His noble example was a source of inspiration to all. His Message of Peace was hailed by all with indescribable joy, and was of ' eternal benefit to everyone who had the fortune to come under its benign influence.

11. The Buddha's Greatness

The Buddha was a unique Being. He was the profoundest of thinkers, the most of speakers, the most energetic of worker, the most successful of reformers, the most compassionate and tolerant of teachers, the most efficient of administrators, and above all - the Holiest of Holies.

During the early period of His renunciation He sought the advice of distinguished religious teachers, but He could not obtain what He sought from outside sources. Circumstances compelled Him to think for Himself and seek within. He sought, He thought, He reflected; ultimately He found His goal of life. Having discovered the Truth, He opened the gates of Immortality to all who wish to hear Him and seek their Deliverance from this ever-recurring cycle of births and deaths, and not because He was an infant prodigy in the ordinary accepted sense.

As He knew everything that ought to be known and as He obtained the key to all knowledge. He is called Sabba~n~nu-Omniscient. This knowledge He acquired by His own efforts as the result of a countless series of births.What He taught was merely an infinitesimal of what He knew. He taught only what was necessary for our Deliverance. On one occasion while the Buddha was residing in a forest He took a handful of leaves and said:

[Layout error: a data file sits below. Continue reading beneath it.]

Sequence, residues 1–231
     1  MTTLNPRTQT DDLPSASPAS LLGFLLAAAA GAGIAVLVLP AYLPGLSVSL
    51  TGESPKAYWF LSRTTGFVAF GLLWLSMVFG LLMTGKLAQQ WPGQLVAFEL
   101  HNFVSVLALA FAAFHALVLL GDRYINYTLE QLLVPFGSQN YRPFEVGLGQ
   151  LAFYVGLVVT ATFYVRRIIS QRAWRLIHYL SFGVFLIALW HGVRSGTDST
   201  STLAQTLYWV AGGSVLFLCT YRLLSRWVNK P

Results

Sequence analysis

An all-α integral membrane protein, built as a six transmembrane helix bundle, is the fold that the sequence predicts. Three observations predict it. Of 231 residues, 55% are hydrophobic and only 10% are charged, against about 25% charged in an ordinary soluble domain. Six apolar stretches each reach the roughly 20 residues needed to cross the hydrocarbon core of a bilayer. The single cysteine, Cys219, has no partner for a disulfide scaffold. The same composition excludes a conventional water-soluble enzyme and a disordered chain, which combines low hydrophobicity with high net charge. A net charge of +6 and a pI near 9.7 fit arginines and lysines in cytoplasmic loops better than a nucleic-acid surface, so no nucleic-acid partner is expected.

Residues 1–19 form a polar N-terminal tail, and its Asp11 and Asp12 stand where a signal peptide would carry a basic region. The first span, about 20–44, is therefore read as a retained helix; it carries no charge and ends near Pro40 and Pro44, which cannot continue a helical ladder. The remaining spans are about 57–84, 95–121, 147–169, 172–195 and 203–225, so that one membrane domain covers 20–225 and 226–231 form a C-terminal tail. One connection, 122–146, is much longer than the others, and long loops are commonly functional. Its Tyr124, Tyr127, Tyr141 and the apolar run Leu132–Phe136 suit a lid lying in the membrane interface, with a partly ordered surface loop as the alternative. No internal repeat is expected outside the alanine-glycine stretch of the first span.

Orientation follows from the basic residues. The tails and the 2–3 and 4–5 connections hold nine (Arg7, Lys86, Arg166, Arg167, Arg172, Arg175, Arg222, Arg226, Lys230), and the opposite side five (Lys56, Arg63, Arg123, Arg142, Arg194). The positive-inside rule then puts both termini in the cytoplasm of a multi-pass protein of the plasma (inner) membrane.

0 Bhikkhus, what I have taught you is comparable to the leaves in my hand, what I have not taught you is comparable to the number of leaves in the forest.

Daily He preached His Doctrine to both the Sangha (ordained disciples) and the laity. In the forenoon He goes in search of individuals who need His advice. Immediately after His noon meal He exhorts and instructs His ordained disciples. In the evening for about an hour He preaches to the layfolk who flock to hear Him. During the first watch of the night He again preaches to His ordained disciples. Throughout the middle watch He receives the Devas and other invisible beings and explains the doctrine to them. Practising what He preached, He worked incessantly for forty-five long years for the good and happiness of all to His last moment.